It says ‘Plainclothes Police Officers are Operating in this Area’ in Romanian. Half of the pickpockets caught on the London underground network this year were from Romania, apparently, and they particularly like to pick pockets around Covent Garden. So, obviously, there needs to be signs advising would-be Romanian pickpockets about the presence of Plainclothes Police Officers.
So, here’s the obvious question: what is it about Romanians and pickpocketing that they, and they alone (apparently) amongst the immigrants of London need to be implicitly warned against pickpocketing? Is there a pickpocketing gene that never made it across the border into Hungary or Serbia?
It’s pretty obvious, I think, that we’re not really talking about Romanians here, like poet Marin Sorescu or mathematician Alexandru Ghika. We’re almost certainly talking about a different kind of ‘Romanian’…
With your prejudice hat on (a perfectly reasonable hat to wear) you’d probably conclude that the pickpockets are Roma gypsies since gypsies stereotypically do pickpocketing. And given that Romania has the population with the highest proportion of Roma peoples in Europe and is second only to Spain in total number of Roma (accoring to Wikipedia) it’s probably fine to confound ‘Roma’ and ‘Romanian’ for now. Though I think upstanding Romanians should be annoyed about it.
So assuming the Roma can read the Romanian sign (it’s not in their Romane language), is there any reason to think Roma gypsies are pickpockets (I mean, other than it being sort of assumed common knowledge)?
How about this: according to HBD chick Roma are very much an inbreeding sort of people:
“The hamlet Roma preferred to marry Roma of their own subgroup, generally Roma to whom they were already related. Although most Roma told us that it was bad to marry too close, first- and second-cousin marriages were common, both between cross and parallel cousins (vero/verisoara). These were regarded as true Roma (Roma cace), people one knows and can trust because they already belong to one’s kin network and speak Romanes properly.”
Perhaps the thing about inbreeding sorts of people is that they tend also to be strongly us-verses-them sorts of people. On in-groups and out-groups:
“The set of innate human behavioral traits we associate with morality did not evolve in order to eventually promote and uphold ideological utopias. However, they did evolve to promote a dual system of moral behavior, in which one set of rules applies to the ingroup and another to the outgroup. Murder, for example, which is usually severely punished if the victim belongs to the ingroup, has on occasion been treated with indifference and even encouraged if he belongs to an outgroup.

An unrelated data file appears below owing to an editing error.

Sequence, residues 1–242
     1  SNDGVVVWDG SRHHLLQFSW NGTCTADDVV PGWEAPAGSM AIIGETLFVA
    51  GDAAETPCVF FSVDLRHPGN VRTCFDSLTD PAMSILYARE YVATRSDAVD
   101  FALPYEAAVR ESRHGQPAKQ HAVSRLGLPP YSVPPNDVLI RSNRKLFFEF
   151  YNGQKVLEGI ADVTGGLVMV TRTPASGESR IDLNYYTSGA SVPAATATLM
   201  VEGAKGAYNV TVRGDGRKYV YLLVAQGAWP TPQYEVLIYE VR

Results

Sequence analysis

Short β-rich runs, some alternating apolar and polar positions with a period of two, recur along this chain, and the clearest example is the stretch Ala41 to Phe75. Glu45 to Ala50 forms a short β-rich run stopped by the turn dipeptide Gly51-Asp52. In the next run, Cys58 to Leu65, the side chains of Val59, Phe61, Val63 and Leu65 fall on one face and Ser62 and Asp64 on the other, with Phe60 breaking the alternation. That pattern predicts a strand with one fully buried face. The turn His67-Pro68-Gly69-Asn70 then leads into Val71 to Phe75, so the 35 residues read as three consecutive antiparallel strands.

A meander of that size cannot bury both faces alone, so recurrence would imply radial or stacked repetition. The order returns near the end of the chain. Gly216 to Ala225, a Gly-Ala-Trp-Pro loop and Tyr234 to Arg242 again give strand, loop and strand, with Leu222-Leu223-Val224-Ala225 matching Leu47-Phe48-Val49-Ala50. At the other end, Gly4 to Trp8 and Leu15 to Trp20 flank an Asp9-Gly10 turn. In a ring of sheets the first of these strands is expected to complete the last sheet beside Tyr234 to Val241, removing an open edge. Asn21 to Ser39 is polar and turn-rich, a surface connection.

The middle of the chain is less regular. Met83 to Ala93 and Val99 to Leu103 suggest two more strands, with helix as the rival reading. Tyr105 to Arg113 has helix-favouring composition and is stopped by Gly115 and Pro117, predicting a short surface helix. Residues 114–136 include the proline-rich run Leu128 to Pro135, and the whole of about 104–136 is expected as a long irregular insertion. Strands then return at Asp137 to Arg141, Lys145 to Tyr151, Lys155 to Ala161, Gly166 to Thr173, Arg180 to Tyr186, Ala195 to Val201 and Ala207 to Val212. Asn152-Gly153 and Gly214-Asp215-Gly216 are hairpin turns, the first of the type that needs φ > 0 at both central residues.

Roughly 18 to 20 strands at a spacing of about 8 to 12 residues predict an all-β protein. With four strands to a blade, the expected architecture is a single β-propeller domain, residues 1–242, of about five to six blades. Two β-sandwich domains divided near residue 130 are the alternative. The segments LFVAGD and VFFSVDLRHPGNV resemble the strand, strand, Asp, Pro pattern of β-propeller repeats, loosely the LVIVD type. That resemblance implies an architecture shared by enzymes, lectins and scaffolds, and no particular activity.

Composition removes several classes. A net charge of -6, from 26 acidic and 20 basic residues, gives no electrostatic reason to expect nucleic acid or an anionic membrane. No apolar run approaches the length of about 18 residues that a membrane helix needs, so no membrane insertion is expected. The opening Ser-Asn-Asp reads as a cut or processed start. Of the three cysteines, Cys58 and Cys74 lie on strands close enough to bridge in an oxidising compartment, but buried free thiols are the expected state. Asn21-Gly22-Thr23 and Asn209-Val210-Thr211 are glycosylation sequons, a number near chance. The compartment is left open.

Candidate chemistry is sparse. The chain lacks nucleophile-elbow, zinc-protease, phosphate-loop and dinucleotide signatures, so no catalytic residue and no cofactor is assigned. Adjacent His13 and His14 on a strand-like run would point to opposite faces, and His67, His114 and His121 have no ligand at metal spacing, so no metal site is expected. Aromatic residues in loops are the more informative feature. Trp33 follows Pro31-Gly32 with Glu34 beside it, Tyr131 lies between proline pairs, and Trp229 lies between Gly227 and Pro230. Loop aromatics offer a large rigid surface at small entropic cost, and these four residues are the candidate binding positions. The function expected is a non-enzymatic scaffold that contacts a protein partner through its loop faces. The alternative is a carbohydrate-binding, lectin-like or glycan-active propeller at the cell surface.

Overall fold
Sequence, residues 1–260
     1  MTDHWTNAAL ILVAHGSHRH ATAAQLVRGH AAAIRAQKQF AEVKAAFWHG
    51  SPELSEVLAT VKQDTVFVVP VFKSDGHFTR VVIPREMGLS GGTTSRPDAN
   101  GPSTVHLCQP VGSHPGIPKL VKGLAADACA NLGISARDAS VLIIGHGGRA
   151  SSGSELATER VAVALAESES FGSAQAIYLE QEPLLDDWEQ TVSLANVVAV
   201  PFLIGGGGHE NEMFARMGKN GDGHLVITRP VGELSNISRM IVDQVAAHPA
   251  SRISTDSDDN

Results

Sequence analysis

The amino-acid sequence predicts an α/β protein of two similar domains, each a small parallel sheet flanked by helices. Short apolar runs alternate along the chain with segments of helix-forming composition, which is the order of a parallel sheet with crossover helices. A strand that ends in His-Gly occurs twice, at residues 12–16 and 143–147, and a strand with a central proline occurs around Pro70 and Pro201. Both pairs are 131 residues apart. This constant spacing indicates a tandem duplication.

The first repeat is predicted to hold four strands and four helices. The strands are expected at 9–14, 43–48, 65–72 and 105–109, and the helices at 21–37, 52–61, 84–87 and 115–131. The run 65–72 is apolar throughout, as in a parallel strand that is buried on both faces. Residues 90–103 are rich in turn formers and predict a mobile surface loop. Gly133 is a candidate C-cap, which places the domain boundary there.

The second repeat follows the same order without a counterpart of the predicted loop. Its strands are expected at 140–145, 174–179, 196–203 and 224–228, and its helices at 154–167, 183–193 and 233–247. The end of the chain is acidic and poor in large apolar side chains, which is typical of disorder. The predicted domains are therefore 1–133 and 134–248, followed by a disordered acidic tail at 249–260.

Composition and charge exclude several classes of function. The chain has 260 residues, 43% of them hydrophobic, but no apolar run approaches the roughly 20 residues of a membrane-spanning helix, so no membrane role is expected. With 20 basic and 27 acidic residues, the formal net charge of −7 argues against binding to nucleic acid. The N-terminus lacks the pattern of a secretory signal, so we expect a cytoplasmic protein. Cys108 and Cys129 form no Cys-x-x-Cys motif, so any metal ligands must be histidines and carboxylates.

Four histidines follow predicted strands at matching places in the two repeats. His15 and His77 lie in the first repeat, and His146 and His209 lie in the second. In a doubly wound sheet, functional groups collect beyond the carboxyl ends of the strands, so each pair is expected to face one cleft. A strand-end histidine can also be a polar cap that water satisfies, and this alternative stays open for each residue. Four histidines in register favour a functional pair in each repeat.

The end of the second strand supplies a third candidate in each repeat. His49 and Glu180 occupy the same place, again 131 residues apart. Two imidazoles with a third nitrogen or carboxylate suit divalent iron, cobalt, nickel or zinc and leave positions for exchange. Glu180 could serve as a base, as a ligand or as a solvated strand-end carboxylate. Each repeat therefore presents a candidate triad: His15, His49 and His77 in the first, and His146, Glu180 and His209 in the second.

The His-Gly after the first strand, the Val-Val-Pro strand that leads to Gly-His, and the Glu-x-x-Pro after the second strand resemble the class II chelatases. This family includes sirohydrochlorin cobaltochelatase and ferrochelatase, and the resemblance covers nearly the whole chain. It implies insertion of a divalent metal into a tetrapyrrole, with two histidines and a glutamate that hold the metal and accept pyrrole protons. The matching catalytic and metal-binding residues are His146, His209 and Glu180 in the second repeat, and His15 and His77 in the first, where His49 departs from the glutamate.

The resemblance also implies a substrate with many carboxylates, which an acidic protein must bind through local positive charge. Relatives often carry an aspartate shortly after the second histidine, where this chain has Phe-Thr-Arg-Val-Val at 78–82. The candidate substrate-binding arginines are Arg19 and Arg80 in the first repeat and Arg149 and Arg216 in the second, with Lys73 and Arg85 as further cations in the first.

It’s the most obvious statement I could possibly make but… the Roma aren’t pickpocketing each other. Because that would be immoral. Pickpocketing out-group people on the other hand? That’s a perfectly fine and traditional bit of Roma culture.
1. There was an interesting story a couple of months ago about Roma in Italy:
“Italian politicians have expressed outrage over a mayor’s attempt to create separate transportation for Roma people, describing it as a South African apartheid-era move.
The mayor of the northern town of Borgaro Torinese, Claudio Gambino, said this week that he wanted separate buses for Roma people in order to guarantee the security of other citizens, Italian media reported on Friday.
The mayor has argued that the Roma people who live in a camp of around 600 inhabitants on the outskirts of the town pose a threat to other travelers as they engage in theft and petty violence.
A Mayor tries to solve a problem – a disproportionately criminal and violent sub-group preying on other citizens – with a perfectly logical solution – seperate buses. He’s then criticised with… what? Logical arguments? Reasoned discussion? Scientific proofs? No, of course not. His criticism comes in the form of ‘outrage’. Because, as we all know, ‘outrage’ is as good as maths when it comes to testing right from wrong.
Apartheid worked pretty well in District 9, would probably work fine on Italian buses too:
Apartheid: works until people kick up a fuss about it
2. Culturally, Roma appear to have a thievery-based founding myth. This is from Policemag.com:
Their world revolves around one thing – the family business: The “con.”
A Gypsy child is raised being told the tale of the young Gypsy boy who saved the life of Jesus. The tale (with some variation) tells of four nails made to be used in the crucifixion: one each for the hands of Jesus, one for his feet and the fourth, a nail of gold, for his heart. Late at night the Gypsy boy stole the golden nail, so when the crucifixion took place the next day, only three nails remained. God appears to the young Gypsy boy telling the child his act of thievery saved Jesus from having the nail plunged through his heart. In payment for the boy’s deed, God allowed the Gypsies the right to steal with no moral consequences … forever and ever.
Gypsies choose a lifestyle of thievery, one that is as natural to them as eating and sleeping. This organized crime family, masters of fraud and false identification, does not associate with normal society and speaks a language rarely mastered outside the culture. Seldom caught, rarely prosecuted and almost never jailed, Gypsies even have their own court, known as a “kris” where all grievances (marriage, territory, debts, etc.) are resolved. They look upon the rest of society simply as their “prey.”
Jesus must have been chuffed that he got to hang on that cross for six hours. Why the Romans would use a golden nail to execute their criminals I don’t know.